Rising lumber demand looks solid – what about loggers?

Purchases climbed 8.3 per cent to an annualized pace of 497,000 homes

Sales of U.S. new homes rose in June to the highest level in five years, a solid sign that B.C. lumber producers can expect demand for lumber to keep rising, say industry analysts. “Our mills are hiding their smiles behind their caps right now, because it’s looking pretty good,” said Keta Kosman, publisher of Madison’s Lumber Reporter. “For B.C. lumber, this is a leading indicator there will be new home building.” Purchases climbed 8.3 per cent to an annualized pace of 497,000 homes, the highest level since May 2008, the U.S. commerce department said last week. Although there’s still uncertainty over real estate sales, banks and mortgage rates, momentum is beginning to build, Kosman said, adding that raises another concern – milling capacity is down from where it was seven or eight years ago because numerous sawmills have shut down. One thing analysts haven’t said much about the supply-demand situation on the logging and trucking side of the industry. As market demand for lumber rises, we’ll hit a point where there aren’t enough contractors to get all the required harvesting done. Lack of contractors will be a bigger threat than milling capacity, and if there’s a lesson in the above, it’s this: Forest companies would be wise to solidify their contractor support to ensure enough logs can be delivered before they worry about mill expansions. With lumber prices rising, the old “cry poor” tactic doesn’t work. It’s time to get serious about paying logging rates that are profitable enough to keep loggers anchored in forestry instead of heading to other resource industries where the pay and the opportunities are better.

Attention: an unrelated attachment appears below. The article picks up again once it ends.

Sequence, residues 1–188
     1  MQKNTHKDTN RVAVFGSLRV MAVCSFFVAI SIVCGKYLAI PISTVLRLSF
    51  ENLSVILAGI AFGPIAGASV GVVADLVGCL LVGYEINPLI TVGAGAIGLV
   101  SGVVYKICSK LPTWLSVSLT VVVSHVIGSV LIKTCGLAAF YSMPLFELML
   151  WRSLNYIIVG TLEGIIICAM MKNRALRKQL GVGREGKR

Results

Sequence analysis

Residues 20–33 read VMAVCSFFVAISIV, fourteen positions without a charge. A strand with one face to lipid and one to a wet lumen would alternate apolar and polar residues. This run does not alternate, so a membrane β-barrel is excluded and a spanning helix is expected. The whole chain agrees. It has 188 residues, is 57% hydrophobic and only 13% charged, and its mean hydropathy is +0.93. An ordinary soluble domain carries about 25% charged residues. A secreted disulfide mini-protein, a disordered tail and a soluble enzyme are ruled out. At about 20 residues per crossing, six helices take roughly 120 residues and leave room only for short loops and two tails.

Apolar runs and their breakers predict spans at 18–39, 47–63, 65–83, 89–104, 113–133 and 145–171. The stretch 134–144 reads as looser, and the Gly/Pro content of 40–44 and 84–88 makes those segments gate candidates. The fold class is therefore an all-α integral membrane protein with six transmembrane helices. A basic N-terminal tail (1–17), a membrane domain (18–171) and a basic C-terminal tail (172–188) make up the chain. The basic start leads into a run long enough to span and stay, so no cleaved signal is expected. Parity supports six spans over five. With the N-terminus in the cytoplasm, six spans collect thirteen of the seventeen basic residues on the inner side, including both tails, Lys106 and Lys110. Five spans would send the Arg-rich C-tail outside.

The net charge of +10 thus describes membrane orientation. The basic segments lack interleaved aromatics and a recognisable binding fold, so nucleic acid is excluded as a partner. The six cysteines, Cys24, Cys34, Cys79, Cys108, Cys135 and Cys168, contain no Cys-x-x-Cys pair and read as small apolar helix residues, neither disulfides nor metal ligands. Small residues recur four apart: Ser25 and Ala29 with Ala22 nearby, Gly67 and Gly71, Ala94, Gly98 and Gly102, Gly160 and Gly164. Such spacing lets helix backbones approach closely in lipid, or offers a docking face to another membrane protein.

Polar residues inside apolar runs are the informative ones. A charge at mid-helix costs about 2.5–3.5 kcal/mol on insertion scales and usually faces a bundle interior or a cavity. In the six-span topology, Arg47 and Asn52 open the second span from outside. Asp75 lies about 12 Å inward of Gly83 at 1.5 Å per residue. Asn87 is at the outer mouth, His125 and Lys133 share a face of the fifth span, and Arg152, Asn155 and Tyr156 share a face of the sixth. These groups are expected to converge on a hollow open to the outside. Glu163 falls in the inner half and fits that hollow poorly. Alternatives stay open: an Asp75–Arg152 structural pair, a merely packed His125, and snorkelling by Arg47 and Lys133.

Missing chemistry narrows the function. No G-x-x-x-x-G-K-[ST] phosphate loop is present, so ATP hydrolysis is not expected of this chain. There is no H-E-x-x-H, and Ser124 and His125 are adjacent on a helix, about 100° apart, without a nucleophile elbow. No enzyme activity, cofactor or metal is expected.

Submitted by Central Interior Logging Association

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